Yan Daixiang squinted through dense, freezing fog as she struggled to make out her surroundings. Runners were scattered everywhere—off the trail, in ravines, on the other side of the mountain—dotting the hillside in brightly colored athletic gear. It was hard to tell loose clothing and people apart. People trudged in every direction, struggling against freezing wind and rain. Others huddled around bushes or boulders.

Some runners passed Yan, heading back down the mountain. They’d tried to reach the race’s third checkpoint at mile 17, but failed. They were retreating now, back to the second checkpoint, to drop out.

“It’s way too cold on the top at the third checkpoint,” one cautioned Yan.

The temperature had been dropping consistently since the rain had started. It would get colder the higher she climbed. Yan was still going up.

Most of the runners were wearing shorts and T-shirts. Racers had been encouraged to stow their warm clothes in a drop bag, which they could pick up at mile 39, at the 6th checkpoint. But few had expected they would need extra layers: the Yellow River Stone Forest 100K took place in a desert, and in previous years runners had battled heatstroke, not hypothermia. The bags, if they had anything warm in them, were nearly 20 miles away.

Yan was lucky; she had brought warmer clothes with her. She donned long pants and a jacket, and decided to keep moving.

There was a mile left to climb before the next checkpoint. Around her, more dots of neon color covered the mountainside—crawling, lying on the ground, standing but barely moving. Yan approached an elderly man whose eye was bleeding. He insisted he was fine.

Yan was ascending the race’s most dangerous section: a 2,900-foot climb, which would bring her up to 7,300 feet. The trail led up a mountainside past steep cliffs; the rock and sand of the path had grown slippery now, pounded by wind and rain. There was little vegetation beyond desert scrub to find shelter in. Looking ahead, Yan couldn’t find the trail—the wind had blown the markers away, and fog had shrouded the route. To find her way, she followed a vague pattern among the dispersed runners, like a trend line through a scatter plot.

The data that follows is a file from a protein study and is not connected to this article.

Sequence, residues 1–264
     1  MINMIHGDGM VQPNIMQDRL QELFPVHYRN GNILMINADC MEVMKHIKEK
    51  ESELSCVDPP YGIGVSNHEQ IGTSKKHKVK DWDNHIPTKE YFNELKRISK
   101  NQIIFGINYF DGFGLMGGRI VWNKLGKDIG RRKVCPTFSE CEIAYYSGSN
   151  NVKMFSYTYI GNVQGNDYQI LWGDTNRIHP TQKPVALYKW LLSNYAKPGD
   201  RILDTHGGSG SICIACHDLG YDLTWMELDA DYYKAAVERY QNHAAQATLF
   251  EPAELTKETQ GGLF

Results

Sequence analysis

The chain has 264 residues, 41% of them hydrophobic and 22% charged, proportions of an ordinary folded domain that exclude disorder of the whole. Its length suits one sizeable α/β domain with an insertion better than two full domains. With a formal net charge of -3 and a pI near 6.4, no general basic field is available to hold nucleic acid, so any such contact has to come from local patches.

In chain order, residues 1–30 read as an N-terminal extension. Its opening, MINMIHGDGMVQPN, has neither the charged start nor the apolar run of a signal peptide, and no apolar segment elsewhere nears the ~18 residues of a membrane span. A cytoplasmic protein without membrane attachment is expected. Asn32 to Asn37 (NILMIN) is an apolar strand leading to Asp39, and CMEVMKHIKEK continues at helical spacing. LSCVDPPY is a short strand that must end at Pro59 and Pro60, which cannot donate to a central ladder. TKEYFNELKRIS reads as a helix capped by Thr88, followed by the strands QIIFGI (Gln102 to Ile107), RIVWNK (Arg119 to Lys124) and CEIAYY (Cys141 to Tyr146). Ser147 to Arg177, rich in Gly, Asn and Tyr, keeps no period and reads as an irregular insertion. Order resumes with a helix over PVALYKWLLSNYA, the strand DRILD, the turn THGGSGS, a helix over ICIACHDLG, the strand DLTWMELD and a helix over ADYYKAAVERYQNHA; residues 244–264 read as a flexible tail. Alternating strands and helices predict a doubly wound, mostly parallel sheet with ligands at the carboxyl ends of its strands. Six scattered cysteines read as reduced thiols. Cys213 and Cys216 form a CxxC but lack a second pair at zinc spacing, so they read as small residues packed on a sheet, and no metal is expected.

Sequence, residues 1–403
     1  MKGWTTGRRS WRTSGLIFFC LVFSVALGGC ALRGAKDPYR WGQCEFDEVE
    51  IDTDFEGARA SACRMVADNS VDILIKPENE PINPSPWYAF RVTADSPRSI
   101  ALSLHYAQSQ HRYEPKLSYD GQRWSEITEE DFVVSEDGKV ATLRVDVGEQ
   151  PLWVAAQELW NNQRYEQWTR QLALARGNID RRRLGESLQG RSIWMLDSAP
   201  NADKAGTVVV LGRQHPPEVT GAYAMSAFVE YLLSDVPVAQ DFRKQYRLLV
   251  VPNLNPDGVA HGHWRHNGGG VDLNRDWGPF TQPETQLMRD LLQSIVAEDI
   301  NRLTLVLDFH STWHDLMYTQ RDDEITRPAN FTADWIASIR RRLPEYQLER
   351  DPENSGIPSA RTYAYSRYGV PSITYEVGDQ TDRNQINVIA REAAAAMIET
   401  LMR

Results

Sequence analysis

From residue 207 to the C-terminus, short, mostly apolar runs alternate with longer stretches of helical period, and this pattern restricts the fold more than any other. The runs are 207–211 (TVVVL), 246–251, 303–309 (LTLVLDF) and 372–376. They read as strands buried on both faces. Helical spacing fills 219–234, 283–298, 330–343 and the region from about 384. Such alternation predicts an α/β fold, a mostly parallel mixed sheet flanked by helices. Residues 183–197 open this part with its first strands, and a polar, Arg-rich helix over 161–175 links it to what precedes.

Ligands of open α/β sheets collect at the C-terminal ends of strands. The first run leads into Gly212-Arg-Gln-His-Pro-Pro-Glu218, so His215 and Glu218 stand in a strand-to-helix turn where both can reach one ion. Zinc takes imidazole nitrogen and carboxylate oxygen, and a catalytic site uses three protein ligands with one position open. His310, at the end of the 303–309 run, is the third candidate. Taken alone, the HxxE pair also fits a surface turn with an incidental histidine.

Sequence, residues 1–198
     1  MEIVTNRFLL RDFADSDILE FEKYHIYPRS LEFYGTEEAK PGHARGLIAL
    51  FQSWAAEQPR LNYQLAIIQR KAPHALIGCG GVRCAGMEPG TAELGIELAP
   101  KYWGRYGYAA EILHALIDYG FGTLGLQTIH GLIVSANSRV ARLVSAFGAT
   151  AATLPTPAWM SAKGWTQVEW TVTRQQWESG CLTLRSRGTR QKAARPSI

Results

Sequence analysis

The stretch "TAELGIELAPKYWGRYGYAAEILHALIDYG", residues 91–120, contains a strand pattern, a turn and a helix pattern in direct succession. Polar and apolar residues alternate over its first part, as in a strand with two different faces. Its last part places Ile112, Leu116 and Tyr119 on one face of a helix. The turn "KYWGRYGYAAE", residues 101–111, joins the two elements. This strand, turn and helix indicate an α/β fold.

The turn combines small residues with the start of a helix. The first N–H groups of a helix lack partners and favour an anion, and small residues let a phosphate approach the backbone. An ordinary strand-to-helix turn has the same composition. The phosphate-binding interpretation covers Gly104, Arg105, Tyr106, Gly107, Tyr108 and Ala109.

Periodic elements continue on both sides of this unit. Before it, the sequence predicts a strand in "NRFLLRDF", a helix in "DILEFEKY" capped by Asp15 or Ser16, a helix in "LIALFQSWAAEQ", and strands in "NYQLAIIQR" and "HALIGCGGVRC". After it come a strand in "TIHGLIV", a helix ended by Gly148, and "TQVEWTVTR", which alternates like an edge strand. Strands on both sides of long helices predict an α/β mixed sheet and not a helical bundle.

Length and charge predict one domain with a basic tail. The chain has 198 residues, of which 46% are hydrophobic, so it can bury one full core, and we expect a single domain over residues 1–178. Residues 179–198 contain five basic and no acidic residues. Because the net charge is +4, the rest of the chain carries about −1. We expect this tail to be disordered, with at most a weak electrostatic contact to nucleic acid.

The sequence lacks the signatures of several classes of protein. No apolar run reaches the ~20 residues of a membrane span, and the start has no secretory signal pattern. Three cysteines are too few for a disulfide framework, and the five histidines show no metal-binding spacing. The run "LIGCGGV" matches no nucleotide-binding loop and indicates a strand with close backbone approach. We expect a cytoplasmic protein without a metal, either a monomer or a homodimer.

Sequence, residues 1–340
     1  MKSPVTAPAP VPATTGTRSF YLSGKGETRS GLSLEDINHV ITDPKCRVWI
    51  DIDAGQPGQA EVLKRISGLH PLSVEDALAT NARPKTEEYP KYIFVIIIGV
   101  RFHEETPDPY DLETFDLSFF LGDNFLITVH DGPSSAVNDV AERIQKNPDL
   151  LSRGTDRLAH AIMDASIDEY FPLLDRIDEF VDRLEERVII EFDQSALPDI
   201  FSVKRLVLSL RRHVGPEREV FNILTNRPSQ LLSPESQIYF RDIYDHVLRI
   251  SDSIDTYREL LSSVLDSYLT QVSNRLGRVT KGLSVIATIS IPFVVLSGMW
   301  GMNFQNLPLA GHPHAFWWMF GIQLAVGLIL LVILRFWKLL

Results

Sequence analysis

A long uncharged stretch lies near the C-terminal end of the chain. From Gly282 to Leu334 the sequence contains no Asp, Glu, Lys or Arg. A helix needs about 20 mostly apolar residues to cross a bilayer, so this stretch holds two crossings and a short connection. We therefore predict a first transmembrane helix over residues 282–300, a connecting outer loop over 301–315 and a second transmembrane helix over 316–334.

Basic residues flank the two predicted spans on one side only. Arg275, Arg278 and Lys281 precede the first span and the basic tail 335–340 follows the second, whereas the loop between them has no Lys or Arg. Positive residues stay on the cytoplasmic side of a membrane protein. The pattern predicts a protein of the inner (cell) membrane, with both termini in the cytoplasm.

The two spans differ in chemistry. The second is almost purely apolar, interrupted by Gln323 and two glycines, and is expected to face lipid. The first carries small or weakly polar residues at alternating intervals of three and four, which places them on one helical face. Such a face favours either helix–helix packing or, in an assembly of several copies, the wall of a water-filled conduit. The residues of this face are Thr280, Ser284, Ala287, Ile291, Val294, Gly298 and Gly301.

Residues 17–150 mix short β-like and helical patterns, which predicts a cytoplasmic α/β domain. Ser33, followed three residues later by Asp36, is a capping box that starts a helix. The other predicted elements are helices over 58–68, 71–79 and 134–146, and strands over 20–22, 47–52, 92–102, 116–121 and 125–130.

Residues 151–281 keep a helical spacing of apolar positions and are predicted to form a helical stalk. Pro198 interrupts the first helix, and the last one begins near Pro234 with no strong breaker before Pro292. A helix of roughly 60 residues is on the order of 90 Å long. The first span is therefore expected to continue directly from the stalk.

The path was growing steeper now. Yan bumped into at least three more people, all in shorts. She called out, but her shouts traveled nowhere. She was walking now. The temperature, Yan guessed, was no more than 45 degrees Fahrenheit. Save her chin and forehead, she had covered her entire body. Still, she felt freezing.

The third checkpoint seemed unreachable, and the second was even farther behind her. Terror and dread began rushing in. Yan was pinned.

Staff, Unsplash (texture)

Yan, 43, had arrived in China’s Jingtai county a day before the race, on May 21st, to sunshine and blue skies. She was excited; she had traveled from her home in the southwestern city Chengdu, a 10-hour drive away, and this was her first time visiting the Gansu Province’s deserts. The landscape was beautiful in a stark, wild way—sheer cliffs rose like sails above the desert floor—and the race, the Yellow River Stone Forest 100K, would be her longest course since China had lifted its coronavirus lockdown.

She’d been running for four years now, starting in 2017, a few years after developing pneumonia. When she returned to work as a nurse at one of China’s largest hospitals after her illness, she found herself weak, freezing, and prone to exhaustion during her shifts.

Running helped her get stronger. She’d begun slowly around Chengdu, but eventually 10Ks and half marathons came easy. Soon, Yan was racing all over China. Between 2017 and 2019, Yan estimated she’d run one 100K ultramarathon each year, three 60K ultras, four marathons, and dozens of halfs. Running also made her a better nurse. She stopped tiring over shifts, and her medical training came in handy during races. Yan monitored herself closely while running, and she often worked as a medical volunteer at competitions.

When lockdown ended in China, in April 2020, Yan returned to running. By the fall, races were being held again, and Yan set off for marathons around the country. A friend recommended the Yellow River Stone Forest 100K, just off the Tibetan Plateau near the Gobi Desert.

The region where the race was held consisted of vast expanses of high desert, filled with rocky sections of mountains and dry washes. Heading into its fourth year, the race climbed rugged hills and mountains above China’s Yellow River, named for its brownish, earthen color. Yan had never seen the Yellow River in such a stark landscape, and the novelty was exciting.